In survey after survey about financial attitudes, parents are increasingly ranking money management and financial literacy as a key lesson to impart to their children. This has become even more of a priority in the wake of the economic crisis, which has devastated households. More parents are including their children in family discussions about finances.
The peril of not having an appreciation for money or responsible fiscal management is seen on a grand scale when we read about athletes who have inconceivably (to us) lost multi-million dollar fortunes. A 2009 Sports Illustrated special report found that 78 percent of former NFL players have gone bankrupt or are under financial stress by they time they have been retired for two years; that within five years of retirement, an estimated 60 percent of former NBA players are broke; and numerous retired major MLB players have similarly dropped the ball in maintaining their wealth.
The current economic crisis has further compounded a bad situation brought on by spendthrift habits.
Athletes are similar to lottery winners, except that it is their skill, and not luck, that has earned them astronomical (to us) paydays. Many are young and have never been exposed to such vast sums. “They see (their salaries) as infinite, like it doesn’t end, like they can’t spend it all,” accountant Scott Bercu told NPR recently.
But many do, like former point guard Kenny Anderson, who declared bankruptcy after earning more than $60 million during his 14 years in the NBA. Scottie Pippen and boxers Evander Holyfield, and Mike Tyson are just three high-profile cases of superstars who lost hundreds of millions.
How do athletes who suddenly come into wealth learn about money? It is a sensitive issue and several league and team representatives, as well as agents contacted by MillionaireCorner.com did not return phone calls.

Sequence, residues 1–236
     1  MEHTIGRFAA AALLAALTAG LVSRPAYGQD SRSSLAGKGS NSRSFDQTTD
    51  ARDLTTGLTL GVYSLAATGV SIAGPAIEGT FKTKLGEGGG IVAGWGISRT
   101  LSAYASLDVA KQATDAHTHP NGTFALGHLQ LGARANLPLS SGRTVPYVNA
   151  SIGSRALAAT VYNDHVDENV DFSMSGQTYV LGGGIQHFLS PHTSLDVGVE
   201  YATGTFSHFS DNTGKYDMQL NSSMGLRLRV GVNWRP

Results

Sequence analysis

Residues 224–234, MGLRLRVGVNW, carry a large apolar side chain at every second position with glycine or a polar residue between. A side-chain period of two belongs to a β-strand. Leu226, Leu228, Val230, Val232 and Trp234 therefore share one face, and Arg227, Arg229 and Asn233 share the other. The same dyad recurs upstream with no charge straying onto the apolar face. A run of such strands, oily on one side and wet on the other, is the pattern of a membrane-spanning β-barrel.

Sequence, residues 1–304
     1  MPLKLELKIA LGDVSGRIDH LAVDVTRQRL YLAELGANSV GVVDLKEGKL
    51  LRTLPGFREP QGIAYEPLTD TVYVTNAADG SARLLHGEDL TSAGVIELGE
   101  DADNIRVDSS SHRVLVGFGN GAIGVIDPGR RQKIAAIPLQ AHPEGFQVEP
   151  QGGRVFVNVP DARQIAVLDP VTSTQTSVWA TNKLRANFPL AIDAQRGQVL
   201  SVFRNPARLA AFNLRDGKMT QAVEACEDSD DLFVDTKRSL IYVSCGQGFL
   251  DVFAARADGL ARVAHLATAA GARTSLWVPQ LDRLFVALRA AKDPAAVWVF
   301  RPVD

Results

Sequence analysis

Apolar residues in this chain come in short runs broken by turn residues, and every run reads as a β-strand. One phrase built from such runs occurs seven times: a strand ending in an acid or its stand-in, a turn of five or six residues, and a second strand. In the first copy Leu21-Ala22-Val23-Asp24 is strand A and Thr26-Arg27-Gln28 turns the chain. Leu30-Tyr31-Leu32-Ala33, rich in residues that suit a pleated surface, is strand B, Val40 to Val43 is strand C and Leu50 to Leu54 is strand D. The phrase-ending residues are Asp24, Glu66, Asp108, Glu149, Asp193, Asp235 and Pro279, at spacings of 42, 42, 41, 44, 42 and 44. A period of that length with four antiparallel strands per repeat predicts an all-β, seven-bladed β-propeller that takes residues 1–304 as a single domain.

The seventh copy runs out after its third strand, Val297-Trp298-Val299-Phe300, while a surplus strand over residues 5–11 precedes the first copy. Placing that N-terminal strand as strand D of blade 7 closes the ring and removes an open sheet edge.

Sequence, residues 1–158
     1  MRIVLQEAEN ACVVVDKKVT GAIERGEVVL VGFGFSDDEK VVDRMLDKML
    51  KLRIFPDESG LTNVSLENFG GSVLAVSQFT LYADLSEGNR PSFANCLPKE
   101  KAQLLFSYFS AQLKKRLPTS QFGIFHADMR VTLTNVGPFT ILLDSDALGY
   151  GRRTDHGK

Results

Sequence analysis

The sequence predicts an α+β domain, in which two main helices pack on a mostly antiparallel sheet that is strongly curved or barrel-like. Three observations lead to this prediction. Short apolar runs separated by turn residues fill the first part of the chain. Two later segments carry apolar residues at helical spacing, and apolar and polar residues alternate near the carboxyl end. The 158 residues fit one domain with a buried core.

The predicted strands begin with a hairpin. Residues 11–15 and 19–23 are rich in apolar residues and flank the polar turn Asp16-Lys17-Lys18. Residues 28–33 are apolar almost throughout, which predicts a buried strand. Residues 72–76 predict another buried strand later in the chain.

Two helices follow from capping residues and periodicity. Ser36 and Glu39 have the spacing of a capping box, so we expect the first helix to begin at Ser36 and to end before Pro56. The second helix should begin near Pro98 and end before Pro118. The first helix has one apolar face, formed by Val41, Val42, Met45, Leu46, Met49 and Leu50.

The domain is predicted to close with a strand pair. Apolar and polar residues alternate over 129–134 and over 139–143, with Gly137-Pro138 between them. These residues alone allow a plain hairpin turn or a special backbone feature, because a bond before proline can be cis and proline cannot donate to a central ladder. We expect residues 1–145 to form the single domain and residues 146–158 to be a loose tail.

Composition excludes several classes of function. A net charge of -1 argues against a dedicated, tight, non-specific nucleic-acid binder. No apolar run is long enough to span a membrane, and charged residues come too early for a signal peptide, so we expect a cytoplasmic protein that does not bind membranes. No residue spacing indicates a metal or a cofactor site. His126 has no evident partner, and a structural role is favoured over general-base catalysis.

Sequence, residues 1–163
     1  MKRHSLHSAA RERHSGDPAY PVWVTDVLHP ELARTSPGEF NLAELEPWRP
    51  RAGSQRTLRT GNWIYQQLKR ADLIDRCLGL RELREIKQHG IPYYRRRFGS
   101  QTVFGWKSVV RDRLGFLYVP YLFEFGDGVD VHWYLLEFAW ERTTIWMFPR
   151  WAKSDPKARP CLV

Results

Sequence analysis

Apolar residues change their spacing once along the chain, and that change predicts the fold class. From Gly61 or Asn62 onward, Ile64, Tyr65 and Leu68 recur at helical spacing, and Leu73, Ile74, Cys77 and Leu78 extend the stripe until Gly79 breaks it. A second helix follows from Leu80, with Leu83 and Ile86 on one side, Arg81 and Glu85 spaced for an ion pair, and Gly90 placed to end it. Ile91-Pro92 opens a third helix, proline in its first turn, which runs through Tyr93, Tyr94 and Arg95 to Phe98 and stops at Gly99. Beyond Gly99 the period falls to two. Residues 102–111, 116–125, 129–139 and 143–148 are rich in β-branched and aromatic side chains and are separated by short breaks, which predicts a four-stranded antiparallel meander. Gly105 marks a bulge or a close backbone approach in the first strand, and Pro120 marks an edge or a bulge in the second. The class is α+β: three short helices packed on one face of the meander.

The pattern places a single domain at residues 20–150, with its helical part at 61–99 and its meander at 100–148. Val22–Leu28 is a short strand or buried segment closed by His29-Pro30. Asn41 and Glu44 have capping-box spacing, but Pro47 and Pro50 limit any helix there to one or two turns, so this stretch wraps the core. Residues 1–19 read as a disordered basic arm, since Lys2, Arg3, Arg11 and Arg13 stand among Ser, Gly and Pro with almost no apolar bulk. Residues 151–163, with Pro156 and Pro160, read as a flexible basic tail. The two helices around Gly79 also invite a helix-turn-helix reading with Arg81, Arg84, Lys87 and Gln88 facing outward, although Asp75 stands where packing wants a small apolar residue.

Generally speaking, professional teams do leave educating athletes about money to the leagues or to agents or advisors. The leagues address money matters particularly to new players during so-called “rookie boot camps.” For example, the NHL and its Players’ Association conducts a Pre-Draft Orientation on the morning of the NHL Draft that features education and training on how to best manage and adjust to life as a professional athlete. “They also receive information on the respective businesses of both the League and the Players’ Association, and the roles each organization will play throughout their careers,” Players’ Association rep Jonathan Weatherdon said in an email. “Included in the orientation is a session on financial planning.’
For agents and advisors, job one in working with young and wealthy individuals is “to make sure they understand totally what they are investing in and what fees they are paying for those services, said Benjamin Pogofsky, Vice President Wealth Management with Morgan Stanley Smith Barney. “A 22 year old athlete is no different then a 22 year old attorney. They are both running a business and have the goal of growing their assets and planning for retirement amongst other things. We sit down and set goals and begin planning for them. I include their spouse and trusted advisors as much as I can and make every decision a group one to keep all parties as involved and interested as possible. The key to working with young successful individuals is a trusted, hard working relationship.”
Pogofsky fielded other questions about working with athletes on their finances;
MillionaireCorner: What are common questions athletes have for you?